Professor Agar asks why scientists say they ask ‘why?’, and traces the curious history of the idea of curiosity-driven science; as he explores the curious place of curiosity in the history of science.
In the early modern period, curiosity was doubled-edged: it was both a virtue, the spring for a “love of truth”, but also the source of human error and even personal corruption. In the 20th century, curiosity had become an apparently uncomplicated motivation. Successful scientists, for example Nobel Prize winners in their lectures and biographies, frequently attributed their first steps into science to a fundamental curiosity, an irrepressible desire to ask the question ‘why?’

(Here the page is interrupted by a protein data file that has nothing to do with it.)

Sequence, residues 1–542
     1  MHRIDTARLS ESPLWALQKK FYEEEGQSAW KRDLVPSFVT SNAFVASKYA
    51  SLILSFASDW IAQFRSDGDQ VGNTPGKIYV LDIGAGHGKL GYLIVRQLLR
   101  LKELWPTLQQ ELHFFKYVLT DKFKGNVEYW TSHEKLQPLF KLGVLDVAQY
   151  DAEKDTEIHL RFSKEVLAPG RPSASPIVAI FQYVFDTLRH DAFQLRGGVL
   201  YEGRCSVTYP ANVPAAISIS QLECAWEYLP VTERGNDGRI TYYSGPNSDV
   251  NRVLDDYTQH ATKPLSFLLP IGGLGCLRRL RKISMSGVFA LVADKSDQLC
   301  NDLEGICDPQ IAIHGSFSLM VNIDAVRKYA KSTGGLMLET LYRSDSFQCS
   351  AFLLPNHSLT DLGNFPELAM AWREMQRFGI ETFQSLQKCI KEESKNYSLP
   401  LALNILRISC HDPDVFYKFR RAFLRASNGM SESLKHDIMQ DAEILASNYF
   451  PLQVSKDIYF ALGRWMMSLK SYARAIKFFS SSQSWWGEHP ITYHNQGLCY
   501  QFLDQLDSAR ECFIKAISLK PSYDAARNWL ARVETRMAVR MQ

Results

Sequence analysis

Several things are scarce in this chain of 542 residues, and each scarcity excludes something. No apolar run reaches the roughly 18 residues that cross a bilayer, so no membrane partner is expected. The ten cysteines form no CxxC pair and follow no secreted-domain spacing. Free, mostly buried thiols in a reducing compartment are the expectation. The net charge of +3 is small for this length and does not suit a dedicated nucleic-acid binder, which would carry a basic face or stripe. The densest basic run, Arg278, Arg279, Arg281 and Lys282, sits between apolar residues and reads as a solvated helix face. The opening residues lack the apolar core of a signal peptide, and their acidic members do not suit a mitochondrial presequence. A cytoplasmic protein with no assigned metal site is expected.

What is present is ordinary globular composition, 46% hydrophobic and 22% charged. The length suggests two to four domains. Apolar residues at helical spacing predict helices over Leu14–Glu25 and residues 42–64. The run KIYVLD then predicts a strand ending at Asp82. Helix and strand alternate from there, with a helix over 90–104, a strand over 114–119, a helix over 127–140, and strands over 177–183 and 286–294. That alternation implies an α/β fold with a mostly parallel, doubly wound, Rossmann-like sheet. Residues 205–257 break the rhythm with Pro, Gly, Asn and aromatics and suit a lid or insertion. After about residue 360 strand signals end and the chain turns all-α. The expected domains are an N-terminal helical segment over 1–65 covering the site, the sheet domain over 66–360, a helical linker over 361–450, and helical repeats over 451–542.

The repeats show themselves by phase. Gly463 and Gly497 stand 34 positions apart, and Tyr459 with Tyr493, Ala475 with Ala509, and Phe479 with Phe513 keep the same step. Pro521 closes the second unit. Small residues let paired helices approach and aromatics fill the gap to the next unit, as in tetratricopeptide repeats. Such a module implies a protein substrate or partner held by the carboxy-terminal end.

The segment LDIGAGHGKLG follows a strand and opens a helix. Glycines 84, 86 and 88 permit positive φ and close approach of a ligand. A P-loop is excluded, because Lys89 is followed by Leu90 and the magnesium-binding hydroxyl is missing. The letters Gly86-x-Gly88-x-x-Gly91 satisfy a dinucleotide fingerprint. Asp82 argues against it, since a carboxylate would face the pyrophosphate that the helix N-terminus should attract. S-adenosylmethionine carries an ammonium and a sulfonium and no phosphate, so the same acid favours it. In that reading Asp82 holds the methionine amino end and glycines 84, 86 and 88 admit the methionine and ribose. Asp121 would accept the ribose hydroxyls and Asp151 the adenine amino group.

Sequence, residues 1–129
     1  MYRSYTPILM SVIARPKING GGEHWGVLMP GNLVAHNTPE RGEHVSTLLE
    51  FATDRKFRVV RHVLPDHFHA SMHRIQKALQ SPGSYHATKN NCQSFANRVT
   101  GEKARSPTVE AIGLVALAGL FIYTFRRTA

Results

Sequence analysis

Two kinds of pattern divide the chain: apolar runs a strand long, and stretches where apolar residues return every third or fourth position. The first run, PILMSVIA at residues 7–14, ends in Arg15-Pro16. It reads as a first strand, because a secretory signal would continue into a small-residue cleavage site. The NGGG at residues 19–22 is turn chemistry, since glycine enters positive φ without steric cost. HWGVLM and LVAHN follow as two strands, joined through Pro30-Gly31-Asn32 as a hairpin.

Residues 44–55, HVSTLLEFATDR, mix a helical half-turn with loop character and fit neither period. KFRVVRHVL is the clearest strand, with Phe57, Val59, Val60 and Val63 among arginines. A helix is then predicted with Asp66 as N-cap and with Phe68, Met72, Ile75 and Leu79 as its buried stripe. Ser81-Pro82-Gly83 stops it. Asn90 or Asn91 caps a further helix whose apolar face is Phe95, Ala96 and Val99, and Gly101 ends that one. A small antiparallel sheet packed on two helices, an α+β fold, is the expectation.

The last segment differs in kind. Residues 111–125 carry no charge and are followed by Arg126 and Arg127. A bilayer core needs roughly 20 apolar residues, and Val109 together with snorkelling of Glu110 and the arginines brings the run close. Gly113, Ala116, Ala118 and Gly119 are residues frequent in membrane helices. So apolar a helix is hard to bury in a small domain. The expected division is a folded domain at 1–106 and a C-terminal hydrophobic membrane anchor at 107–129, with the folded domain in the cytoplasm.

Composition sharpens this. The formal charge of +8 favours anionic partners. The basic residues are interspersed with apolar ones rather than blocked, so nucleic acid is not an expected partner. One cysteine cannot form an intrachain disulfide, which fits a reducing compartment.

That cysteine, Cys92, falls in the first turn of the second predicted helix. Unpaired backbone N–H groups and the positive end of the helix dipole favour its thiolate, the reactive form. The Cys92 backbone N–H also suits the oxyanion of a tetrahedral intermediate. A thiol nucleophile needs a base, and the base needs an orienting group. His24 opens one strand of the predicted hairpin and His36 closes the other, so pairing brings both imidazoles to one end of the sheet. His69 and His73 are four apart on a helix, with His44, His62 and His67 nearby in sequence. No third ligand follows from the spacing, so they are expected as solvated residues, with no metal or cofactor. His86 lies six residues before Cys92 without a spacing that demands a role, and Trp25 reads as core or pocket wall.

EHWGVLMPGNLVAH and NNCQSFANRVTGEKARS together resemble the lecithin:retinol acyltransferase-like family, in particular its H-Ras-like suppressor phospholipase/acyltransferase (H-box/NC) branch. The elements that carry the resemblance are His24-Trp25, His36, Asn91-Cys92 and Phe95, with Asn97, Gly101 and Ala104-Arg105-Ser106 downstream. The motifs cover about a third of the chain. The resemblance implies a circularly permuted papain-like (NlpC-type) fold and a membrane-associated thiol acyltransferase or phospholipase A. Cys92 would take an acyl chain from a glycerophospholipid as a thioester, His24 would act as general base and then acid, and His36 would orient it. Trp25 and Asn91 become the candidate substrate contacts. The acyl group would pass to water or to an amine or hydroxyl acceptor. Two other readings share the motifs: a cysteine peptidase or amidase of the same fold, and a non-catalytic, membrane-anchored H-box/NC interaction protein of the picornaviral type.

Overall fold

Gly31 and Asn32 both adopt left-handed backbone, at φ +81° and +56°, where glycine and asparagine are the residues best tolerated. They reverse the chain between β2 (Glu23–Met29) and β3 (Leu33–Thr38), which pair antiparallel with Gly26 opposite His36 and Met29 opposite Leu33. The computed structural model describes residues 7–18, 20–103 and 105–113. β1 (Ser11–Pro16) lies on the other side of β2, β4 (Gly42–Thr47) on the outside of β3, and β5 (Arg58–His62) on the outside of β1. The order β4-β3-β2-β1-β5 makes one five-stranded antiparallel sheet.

The aside made by Albert Einstein in private correspondence in 1952 – “I have no special talents. I am only passionately curious” – has now become a meme. Yet in the 20th century, science was shaped by many forces, and the practical utility of science in the real, messy problematic worlds of its formation seem far removed from the seeming innocence of curiosity-driven research.
Professor Jon Agar was awarded the 2016 Wilkins-Bernal-Medawar Medal in recognition of his work as a leading figure in the history and philosophy of science. His ground breaking research covers issues including military technology, the origins of computing, astronomy, surveillance, and public engagement with science.
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